Grand larceny; increases threshold amount. (HB1073)

Introduced By

Del. Steve Heretick (D-Portsmouth) with support from 10 copatrons, whose average partisan position is:

Those copatrons are Del. Betsy Carr (D-Richmond), Del. Mark Cole (R-Fredericksburg), Del. Karrie Delaney (D-Centreville), Del. Elizabeth Guzman (D-Dale City), Del. Patrick Hope (D-Arlington), Del. Jay Jones (D-Norfolk), Del. Kaye Kory (D-Falls Church), Del. Ken Plum (D-Reston), Del. Cia Price (D-Newport News), Del. Marcus Simon (D-Falls Church)

Progress

Introduced
Passed Committee
Passed House
Passed Senate
Signed by Governor
Became Law

Description

Grand larceny; threshold. Increases from $200 to $1,000 the threshold amount of money taken or value of goods or chattel taken at which the crime rises from petit larceny to grand larceny. The bill increases the threshold by the same amount for the classification of certain property crimes. Amends § 18.2-102, § 18.2-103, § 18.2-108.01, § 18.2-145.1, § 18.2-150, § 18.2-152.3, § 18.2-162, § 18.2-181, § 18.2-181.1, § 18.2-182, § 18.2-186, § 18.2-186.3, § 18.2-187.1, § 18.2-188, § 18.2-195, § 18.2-195.2, § 18.2-197, § 18.2-23, § 18.2-340.37, § 18.2-80, § 18.2-81, § 18.2-95, § 18.2-97, § 19.2-289, § 19.2-290, § 19.2-386.16, § 29.1-553, of the Code of Virginia. Read the Bill »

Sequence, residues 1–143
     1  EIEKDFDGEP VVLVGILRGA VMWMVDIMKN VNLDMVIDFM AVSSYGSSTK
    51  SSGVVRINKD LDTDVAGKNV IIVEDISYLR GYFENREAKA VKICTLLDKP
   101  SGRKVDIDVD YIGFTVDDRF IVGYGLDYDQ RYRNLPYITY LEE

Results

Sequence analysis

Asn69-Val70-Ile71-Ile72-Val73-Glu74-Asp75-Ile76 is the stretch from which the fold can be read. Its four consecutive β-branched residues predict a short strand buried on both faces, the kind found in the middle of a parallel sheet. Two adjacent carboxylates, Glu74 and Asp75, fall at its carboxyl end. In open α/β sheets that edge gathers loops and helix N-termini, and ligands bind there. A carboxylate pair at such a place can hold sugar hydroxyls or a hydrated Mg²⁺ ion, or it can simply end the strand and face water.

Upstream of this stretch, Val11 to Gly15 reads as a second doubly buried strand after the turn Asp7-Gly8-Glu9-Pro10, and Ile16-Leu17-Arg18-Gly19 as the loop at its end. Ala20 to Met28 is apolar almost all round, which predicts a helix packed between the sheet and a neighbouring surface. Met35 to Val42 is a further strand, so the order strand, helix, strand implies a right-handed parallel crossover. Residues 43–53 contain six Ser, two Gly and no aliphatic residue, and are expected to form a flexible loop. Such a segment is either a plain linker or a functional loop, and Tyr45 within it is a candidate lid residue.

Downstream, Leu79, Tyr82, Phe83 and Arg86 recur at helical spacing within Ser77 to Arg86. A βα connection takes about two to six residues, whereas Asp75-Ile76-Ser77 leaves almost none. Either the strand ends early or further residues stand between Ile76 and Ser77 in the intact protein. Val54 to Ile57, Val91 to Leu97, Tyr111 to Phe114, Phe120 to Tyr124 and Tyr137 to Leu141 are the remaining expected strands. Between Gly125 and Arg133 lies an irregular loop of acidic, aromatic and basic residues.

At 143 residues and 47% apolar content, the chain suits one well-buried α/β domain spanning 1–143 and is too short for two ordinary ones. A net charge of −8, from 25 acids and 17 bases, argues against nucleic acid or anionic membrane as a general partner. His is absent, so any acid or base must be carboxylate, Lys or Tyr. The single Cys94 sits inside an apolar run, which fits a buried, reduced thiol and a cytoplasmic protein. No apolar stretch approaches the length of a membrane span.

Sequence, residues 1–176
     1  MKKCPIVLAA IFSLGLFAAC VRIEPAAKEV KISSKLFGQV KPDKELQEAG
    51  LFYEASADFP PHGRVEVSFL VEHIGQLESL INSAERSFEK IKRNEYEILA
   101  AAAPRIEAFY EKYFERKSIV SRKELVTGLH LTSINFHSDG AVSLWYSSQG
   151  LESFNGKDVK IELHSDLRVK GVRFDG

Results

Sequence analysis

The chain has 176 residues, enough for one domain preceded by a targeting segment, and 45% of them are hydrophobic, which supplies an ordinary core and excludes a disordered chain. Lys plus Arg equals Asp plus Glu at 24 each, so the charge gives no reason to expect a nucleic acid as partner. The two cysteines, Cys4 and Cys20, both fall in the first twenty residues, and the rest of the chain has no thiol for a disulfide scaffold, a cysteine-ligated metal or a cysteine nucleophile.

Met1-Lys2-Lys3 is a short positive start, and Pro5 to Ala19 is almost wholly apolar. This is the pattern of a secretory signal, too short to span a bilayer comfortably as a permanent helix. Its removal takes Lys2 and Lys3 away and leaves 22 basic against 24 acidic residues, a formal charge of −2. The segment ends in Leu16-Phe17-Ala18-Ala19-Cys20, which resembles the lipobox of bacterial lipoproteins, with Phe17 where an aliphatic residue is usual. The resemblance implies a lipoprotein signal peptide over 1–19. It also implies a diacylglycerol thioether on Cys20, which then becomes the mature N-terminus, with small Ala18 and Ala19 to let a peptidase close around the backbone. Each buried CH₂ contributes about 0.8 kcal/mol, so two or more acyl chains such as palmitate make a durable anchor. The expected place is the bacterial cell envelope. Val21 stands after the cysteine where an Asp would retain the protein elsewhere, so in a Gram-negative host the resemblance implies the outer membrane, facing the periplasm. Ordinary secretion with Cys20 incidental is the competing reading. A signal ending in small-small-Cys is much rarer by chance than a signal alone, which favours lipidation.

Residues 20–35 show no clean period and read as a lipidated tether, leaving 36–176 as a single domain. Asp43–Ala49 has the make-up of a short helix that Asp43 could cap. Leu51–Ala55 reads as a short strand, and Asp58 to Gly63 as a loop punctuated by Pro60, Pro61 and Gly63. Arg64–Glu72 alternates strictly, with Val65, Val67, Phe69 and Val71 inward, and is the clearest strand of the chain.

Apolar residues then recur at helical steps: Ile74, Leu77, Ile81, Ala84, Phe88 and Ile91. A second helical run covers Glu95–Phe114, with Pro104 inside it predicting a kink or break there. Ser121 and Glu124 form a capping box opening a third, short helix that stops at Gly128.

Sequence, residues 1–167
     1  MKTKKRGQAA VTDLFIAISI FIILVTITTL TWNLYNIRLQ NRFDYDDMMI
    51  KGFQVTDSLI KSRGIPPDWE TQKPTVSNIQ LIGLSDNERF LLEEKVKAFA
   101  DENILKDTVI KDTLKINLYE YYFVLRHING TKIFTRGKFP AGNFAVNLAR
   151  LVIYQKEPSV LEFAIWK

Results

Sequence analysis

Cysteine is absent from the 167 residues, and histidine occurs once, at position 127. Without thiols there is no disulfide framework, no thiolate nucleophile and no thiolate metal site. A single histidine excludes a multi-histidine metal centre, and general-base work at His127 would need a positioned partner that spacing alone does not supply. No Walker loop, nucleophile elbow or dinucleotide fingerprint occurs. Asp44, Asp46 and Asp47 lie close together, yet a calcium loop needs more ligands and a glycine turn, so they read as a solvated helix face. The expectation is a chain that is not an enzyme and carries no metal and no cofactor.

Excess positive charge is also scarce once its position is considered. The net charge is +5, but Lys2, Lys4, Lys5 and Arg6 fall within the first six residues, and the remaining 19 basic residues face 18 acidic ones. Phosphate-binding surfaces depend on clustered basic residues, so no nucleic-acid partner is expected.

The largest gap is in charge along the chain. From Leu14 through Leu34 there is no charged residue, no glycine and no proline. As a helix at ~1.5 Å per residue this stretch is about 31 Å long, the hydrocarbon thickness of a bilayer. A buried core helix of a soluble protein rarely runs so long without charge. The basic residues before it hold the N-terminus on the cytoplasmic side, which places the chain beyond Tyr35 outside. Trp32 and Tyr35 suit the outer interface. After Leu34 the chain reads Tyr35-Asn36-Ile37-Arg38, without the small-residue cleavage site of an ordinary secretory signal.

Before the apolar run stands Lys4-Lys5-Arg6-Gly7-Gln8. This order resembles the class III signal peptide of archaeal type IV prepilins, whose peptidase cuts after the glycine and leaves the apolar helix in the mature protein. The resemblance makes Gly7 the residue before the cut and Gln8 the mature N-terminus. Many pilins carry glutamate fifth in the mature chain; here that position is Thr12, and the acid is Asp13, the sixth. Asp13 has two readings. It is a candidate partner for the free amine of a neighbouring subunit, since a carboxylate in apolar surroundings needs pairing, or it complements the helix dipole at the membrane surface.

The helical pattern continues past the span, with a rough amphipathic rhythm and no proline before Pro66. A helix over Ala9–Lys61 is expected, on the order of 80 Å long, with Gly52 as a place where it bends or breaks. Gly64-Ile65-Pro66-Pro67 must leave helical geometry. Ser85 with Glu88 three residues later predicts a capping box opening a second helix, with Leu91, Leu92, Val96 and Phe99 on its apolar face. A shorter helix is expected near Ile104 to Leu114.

Outcome

Bill Has Failed

History

DateAction
01/10/2018Committee
01/10/2018Prefiled and ordered printed; offered 01/10/18 18102804D
01/10/2018Referred to Committee on Rules
02/01/2018Referred from Rules
02/01/2018Referred to Committee for Courts of Justice
02/08/2018Impact statement from DPB (HB1073)
02/15/2018Left in Courts of Justice

Duplicate Bills

The following bills are identical to this one: HB113 and SB138.

Comments

ACLU-VA Criminal Justice, tracking this bill in Photosynthesis, notes:

The ACLU of VA raising the felony larceny threshold to $1,500. This bill is a step in the right direction. Many other states have raised their thresholds to $1,500 to $2,000 without seeing an increase in theft. VA needs to be smart on crime and develop real reforms that address the underlying causes of larceny - such as drug addiction, barriers to employment, and mental health issues.